From the district court to the Human Rights Committee: lawyers learn to protect the rights of participants in peaceful assemblies
During the fourth training, Kazakhstani lawyers learned how to appeal decisions of administrative courts, how to file appeals and complaints for review of cases, and what guarantees international law provides for the protection of participants in peaceful assemblies in Kazakhstan.
Online trainings are held for defense lawyers and defenders of the non-governmental sector of the Republic of Kazakhstan as part of the project to protect the rights of Kazakhstani citizens during peaceful assemblies. The project is implemented by the Legal Policy Research Center (Almaty) with the financial support of the Soros-Kazakhstan Foundation.
The topic of the fourth training was on the issues and subtleties of appealing court decisions and actions of administrative prosecution bodies in cases related to peaceful assemblies. The speaker of the training was defense lawyer Zhanara Balgabayeva. In total, about 50 defense lawyers and defenders of the non-governmental sector from different cities of Kazakhstan took part in the training.
During the training, participants discussed in detail the appeal procedures that are available to Kazakhstani citizens. Among them:
– review of court decisions that have not entered into legal force on appeal;
– review of court decisions that have entered into force in the cassation procedure;
– application to the Prosecutor’s Office for appeal of judicial acts;
– appeal to the Prosecutor’s Office by hierarchy: district Prosecutor’s Office, City Prosecutor, Prosecutor General’s Office, Prosecutor General;
– individual communication to the UN Human Rights Committee.
Another important issue discussed by the training participants is the procedure for appealing the actions of officials.
Zhanara Balgabayeva reminded the participants that actions, as well as inaction, of officials and acts of state bodies are appealed to the court in accordance with Chapter 29 of the Civil Procedure Code of the Republic of Kazakhstan.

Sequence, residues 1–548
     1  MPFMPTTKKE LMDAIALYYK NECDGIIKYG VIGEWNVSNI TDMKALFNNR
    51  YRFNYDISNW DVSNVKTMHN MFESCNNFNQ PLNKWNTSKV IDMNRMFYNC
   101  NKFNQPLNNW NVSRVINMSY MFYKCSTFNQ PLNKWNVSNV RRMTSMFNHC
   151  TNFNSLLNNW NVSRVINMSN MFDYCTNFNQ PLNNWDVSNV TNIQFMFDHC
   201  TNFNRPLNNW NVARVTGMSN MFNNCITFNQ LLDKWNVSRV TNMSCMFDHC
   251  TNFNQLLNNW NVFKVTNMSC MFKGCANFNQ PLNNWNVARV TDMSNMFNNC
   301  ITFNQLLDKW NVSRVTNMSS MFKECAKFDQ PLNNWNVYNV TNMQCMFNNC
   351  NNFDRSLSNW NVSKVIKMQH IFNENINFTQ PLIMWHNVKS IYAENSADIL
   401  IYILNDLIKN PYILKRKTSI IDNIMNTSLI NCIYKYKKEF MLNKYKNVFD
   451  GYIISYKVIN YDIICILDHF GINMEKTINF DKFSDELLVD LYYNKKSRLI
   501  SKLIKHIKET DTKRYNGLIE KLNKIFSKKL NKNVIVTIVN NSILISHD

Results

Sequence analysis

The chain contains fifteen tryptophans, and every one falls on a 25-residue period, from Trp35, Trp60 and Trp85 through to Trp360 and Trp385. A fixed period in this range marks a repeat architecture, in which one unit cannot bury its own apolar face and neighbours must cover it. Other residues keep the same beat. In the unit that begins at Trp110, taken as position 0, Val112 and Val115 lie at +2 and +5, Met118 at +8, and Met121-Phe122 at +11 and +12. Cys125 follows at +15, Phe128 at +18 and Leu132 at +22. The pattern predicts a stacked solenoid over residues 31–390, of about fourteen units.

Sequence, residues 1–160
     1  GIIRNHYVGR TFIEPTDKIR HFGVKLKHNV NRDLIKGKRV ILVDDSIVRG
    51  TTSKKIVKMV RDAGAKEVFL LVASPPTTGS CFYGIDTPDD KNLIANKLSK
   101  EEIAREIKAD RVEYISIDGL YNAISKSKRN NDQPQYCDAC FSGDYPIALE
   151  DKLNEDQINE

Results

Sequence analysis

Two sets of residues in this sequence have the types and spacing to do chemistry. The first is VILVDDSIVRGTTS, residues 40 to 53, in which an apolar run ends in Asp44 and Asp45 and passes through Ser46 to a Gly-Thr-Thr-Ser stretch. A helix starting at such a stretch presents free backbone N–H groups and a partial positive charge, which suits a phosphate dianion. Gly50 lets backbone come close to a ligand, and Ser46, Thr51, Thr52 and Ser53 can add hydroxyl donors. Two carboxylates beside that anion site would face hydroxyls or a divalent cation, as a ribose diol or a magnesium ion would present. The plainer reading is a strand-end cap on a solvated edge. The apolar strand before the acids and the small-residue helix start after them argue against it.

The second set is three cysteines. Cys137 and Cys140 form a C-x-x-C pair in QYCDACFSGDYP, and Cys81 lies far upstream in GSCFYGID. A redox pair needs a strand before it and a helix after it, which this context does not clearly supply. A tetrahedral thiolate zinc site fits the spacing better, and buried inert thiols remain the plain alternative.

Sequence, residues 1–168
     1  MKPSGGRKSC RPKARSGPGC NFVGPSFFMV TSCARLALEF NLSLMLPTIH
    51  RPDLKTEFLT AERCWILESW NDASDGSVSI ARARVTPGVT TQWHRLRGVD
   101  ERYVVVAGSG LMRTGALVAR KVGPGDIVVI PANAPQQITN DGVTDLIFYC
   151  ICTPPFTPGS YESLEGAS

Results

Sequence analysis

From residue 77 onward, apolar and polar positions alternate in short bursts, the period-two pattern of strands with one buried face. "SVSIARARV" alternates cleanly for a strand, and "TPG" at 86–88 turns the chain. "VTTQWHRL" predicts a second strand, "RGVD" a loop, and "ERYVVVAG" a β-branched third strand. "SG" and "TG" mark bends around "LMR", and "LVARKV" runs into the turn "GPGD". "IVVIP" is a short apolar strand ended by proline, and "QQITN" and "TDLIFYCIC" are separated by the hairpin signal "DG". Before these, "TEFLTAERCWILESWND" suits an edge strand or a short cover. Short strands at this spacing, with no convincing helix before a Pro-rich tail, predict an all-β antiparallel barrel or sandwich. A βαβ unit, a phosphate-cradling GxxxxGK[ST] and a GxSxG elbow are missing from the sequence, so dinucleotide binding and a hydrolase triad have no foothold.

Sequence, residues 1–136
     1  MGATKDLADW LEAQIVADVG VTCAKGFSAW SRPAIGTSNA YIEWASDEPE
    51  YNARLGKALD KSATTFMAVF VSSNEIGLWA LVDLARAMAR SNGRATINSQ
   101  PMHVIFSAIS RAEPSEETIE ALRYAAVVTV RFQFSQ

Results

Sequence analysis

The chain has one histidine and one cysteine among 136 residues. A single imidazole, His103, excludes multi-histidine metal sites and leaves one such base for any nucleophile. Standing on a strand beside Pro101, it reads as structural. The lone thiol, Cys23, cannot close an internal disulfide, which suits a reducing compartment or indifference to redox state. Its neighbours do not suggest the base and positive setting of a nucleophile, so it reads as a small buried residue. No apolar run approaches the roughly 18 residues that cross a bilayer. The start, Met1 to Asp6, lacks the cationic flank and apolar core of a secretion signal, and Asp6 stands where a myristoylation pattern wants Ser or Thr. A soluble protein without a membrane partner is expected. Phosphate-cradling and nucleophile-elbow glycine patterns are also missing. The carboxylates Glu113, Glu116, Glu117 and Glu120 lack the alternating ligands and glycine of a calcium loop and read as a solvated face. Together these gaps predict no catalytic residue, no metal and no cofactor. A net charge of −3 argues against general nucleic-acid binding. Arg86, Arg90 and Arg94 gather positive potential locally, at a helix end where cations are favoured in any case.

As the expert noted, a citizen and a legal entity have the right to appeal to a higher state body or to a court with a complaint or statement within three months from the moment when they became aware of the violation of their rights, freedoms and legitimate interests.
It is also necessary to track the terms of consideration of requests. Thus, appeals received by the Prosecutor’s Office must be resolved no later than 30 days from the date of receipt by the Prosecutor’s Office, which do not require additional study and verification — no later than 15 days.
Appeals to international organizations are of particular importance.
As noted by the training mentor, human rights defender Tatiana Chernobil, before applying to the Human Rights Committee, the applicant must exhaust domestic remedies for the relevant violation.
The UN Human Rights Committee is an organization that monitors the implementation of the International Covenant on civil and political rights in countries that are parties to the covenant. This Covenant was ratified by Kazakhstan in 2005.
According to the UN Human Rights Committee, “when a state party imposes certain restrictions, these restrictions should not jeopardize the very principle of this right.” Restrictions must be “established by law”: they may be imposed for one of the reasons set out in the article, and the state party must justify that they are “necessary” to achieve one of these goals.
The experts also reminded the participants that, in accordance with article 4 of the Constitution of the Republic of Kazakhstan, international treaties ratified by the Republic have priority over its laws and are applied directly.
Online trainings are held within the framework of the project “Building capacity of the legal community to provide legal assistance and protect the right to peaceful assembly”.